tiltbillings wrote:Let me ask: is Nanavira advocating that something endures unchanged for at least a certain interval?
Panha Sutta (AN 4.42) wrote:
"There are these four ways of answering questions. Which four? There are questions that should be answered categorically [straightforwardly yes, no, this, that]. There are questions that should be answered with an analytical (qualified) answer [defining or redefining the terms]. There are questions that should be answered with a counter-question. There are questions that should be put aside. These are the four ways of answering questions."
Your question needs an analytic answer. Nanavira does not claim that something per se
endures unchanged for at least a certain interval. That you continue to ask the question in this way reflects a somewhat slavish commitment to the phrase in the letter as opposed to the content of the idea.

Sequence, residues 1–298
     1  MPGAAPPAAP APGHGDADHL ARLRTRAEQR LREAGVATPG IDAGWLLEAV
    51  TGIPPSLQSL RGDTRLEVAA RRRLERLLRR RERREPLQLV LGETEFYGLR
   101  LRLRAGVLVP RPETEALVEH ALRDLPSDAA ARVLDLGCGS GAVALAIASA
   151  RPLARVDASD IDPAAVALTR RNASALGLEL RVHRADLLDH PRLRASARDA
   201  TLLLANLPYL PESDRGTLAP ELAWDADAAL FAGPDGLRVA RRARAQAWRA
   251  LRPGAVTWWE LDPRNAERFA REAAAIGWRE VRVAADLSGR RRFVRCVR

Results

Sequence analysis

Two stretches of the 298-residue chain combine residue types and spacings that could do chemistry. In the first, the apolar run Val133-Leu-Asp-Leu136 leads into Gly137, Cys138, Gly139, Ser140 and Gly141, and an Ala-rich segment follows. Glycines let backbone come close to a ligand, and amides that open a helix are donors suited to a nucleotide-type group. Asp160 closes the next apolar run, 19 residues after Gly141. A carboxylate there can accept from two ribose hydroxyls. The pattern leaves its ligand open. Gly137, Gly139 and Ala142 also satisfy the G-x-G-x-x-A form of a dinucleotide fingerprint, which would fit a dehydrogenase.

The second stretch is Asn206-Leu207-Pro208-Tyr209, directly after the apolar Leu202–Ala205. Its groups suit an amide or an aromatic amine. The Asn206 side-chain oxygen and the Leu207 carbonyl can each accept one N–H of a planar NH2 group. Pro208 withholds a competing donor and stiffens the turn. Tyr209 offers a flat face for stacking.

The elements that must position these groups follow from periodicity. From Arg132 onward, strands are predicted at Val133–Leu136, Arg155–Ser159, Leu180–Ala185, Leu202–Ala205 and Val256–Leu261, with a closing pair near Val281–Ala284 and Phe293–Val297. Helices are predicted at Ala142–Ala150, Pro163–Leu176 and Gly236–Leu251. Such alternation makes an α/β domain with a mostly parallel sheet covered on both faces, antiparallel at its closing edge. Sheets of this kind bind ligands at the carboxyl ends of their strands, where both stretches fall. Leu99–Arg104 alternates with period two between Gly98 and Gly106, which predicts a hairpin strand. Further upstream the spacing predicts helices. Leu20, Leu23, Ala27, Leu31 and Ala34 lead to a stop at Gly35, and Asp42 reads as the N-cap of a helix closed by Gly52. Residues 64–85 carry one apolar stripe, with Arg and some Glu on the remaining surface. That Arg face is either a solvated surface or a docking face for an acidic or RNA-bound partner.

Then obviously Nanavira is not particularly adept at expressing his ideas. I am simply reading the text of what he wrote as it is written, and I see no reason from how Nanavira wrote what he wrote not to take what he has written as it is written. If he meant to say something else, then he should have said something else.
I have yet to see anyone here tell us what the "something
" is and what exactly it means that it is "unchanged
" for an "interval
," what ever that might mean in this context. So far, and this is so in what follows, we get a lot of bouncing around of these words and some rather ill defined ideas, but no clarity.
Nanavira claims that enduring unchanged for at least a certain interval is a certain experience set of a certain level of generality.
Huh? And you make my point by reflecting Nanavira by saying something that sounds like it is saying something but says very little, if anything, indeed.
Anything we experience as a something is a certain experience set of a certain level of generality. The word "certain" reflects a strong commitment to the relational aspect of this fundamental structure, as opposed to an imputed temporal one (which is not asserted - perception of time is based on perception of change, and not the other way 'round).
Again, this really explains nothing.
You might want to try it again in clear, concise English, and maybe we can see if Nanavira actually said something here that makes any sense.